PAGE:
As illustrated above, some individuals automatically qualify for Medicare Part B, and others need to sign up for it. You can sign up for Part B if:
- You are 65 years and above.
- You have a disability.
- You have ALS (amyotrophic lateral sclerosis) or ESRD (end-stage renal disease).
Part B Premium
If you qualify for Medicare Part B, you’ll need to pay some monthly premiums. For instance, in 2021, the average premium for Medicare Part B is 148.50 USD.
Note that this monthly charge is subject to increase if you are a high-income earner.
High-income earners usually pay what’s known as an IRMAA (income-related monthly adjustment amount). In 2021 your salary is based on your 2019 tax returns.
Part B Deductible
A deductible is a sum you have to settle out-of-pocket before Medicare Part B starts paying for your outpatient clinic and hospital services. In 2021 Part B deductible is set at 203 USD.
Part B Coinsurance
Coinsurance is the proportion that you have to pay after settling your deductibles. For most medical services covered by Medicare Part B, you’re liable to pay 20% of the total cost.
Medicare Part C Medicare Advantage)
Private firms provide part C plans, and they combine the services in Part A and Part B as well as other aspects.
Private insurance companies receive funding from Medicare, so most programs will have reduced monthly premiums or no premiums at all.
However, plans with no monthly premiums still have other allied expenses such as deductibles, copayments, and coinsurance.
Medicare has an online tool that you can use to compare the services and costs of Medicare Advantage Plans in your current US state.
Medicare Part D
Medicare Part D pays for treatment drugs, and its paid via premiums. Although Part D pays for your prescription drugs, you’re still liable for a portion of your medication expenses.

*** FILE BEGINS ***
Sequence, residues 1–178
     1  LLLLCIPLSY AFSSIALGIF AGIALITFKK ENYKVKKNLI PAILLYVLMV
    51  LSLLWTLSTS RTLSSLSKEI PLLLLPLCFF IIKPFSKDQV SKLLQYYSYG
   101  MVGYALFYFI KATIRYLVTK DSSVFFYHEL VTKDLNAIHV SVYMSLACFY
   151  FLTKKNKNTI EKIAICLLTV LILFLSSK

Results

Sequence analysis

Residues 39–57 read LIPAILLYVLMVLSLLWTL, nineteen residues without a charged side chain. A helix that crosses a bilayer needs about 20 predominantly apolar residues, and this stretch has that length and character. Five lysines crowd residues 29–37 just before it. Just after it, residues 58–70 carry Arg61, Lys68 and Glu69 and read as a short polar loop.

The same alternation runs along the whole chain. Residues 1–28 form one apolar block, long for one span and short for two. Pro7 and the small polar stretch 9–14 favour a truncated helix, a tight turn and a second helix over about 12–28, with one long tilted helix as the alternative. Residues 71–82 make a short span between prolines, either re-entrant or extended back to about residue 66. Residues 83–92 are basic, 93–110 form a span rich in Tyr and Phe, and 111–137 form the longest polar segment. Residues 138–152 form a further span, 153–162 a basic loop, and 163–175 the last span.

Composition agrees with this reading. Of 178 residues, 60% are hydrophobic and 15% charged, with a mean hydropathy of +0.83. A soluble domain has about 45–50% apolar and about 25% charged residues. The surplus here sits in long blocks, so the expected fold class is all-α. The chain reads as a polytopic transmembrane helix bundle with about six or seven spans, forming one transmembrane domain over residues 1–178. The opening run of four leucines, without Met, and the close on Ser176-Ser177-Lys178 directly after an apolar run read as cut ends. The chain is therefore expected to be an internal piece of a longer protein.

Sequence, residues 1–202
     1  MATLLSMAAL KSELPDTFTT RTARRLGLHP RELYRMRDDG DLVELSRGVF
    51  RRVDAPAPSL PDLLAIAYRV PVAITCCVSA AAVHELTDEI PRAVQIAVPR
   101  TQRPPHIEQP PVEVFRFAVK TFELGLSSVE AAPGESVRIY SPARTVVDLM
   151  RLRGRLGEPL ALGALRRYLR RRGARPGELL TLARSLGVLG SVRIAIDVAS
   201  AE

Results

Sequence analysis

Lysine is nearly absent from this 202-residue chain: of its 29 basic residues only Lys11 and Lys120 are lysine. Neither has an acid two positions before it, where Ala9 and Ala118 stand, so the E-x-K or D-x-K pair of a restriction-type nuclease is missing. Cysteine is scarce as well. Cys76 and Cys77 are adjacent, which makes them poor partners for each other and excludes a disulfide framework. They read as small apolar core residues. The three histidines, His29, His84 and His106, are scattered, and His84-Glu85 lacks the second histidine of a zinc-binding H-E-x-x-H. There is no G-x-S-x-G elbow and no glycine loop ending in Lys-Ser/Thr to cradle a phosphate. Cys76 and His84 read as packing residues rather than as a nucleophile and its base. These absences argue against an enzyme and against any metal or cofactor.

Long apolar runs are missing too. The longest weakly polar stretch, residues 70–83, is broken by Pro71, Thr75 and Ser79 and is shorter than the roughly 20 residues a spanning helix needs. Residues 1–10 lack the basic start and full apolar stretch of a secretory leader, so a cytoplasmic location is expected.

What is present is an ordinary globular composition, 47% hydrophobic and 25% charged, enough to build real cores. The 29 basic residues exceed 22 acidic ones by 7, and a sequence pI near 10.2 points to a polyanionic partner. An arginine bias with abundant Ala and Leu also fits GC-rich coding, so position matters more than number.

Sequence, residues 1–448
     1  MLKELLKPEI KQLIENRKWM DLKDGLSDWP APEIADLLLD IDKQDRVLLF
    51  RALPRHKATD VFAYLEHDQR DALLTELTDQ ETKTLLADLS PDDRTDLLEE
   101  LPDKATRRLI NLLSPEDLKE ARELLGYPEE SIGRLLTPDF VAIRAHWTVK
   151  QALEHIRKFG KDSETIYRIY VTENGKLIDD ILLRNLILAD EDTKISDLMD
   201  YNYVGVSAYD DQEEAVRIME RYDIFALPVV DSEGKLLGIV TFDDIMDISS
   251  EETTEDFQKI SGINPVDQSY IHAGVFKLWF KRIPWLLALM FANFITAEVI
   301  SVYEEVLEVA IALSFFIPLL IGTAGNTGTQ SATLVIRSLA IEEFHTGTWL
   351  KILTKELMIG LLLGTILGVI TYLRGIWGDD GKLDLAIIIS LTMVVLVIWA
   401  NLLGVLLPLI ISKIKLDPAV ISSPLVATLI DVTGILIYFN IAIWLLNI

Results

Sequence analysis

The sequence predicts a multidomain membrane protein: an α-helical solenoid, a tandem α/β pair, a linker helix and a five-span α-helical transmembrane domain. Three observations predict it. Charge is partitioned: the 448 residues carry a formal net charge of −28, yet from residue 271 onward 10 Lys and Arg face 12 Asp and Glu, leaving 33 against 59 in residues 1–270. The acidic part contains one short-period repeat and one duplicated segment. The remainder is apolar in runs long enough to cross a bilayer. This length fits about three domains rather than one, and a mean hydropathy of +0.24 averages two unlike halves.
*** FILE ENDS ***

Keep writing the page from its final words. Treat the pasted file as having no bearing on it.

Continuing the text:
Just like Part D, Medicare Part C is provided by private insurance companies backed by Medicare.
According to the Center of Medicare Services, today, the average cost for Medicare Part D is 32.50 USD per month.
However, high-income earners are charged more for their premiums. The average deductible for this plan is 415 USD.
What Are the Penalties If You Don’t Enroll for Medicare?
Medicare Part B
If you fail to register for Medicare Part B when you are eligible, you’ll have to pay a 10% fine for each year that you should have signed up.
This amount is added to your monthly premiums, and the penalty goes up the more you delay signing up for Part B.
Normally you won’t be liable to pay the late enrollment penalty if you meet the requirements that enable you to enroll for Medicare Part B in the Special Enrollment Period.
Medicare Part D
Although signing up for Medicare Part D is optional, a penalty is charged for not signing up when you were supposed to.
The penalty given is 1% for each month you were supposed to sign up. But if you qualify for coverage under your company’s plan, you won’t pay the penalty.
To sum it all up, Medicare coverage is a bit complex, and there are many considerations unique to your condition.
For instance, how long you have been employed, how much money you make are all factors that will be used to calculate your total Medicare premiums.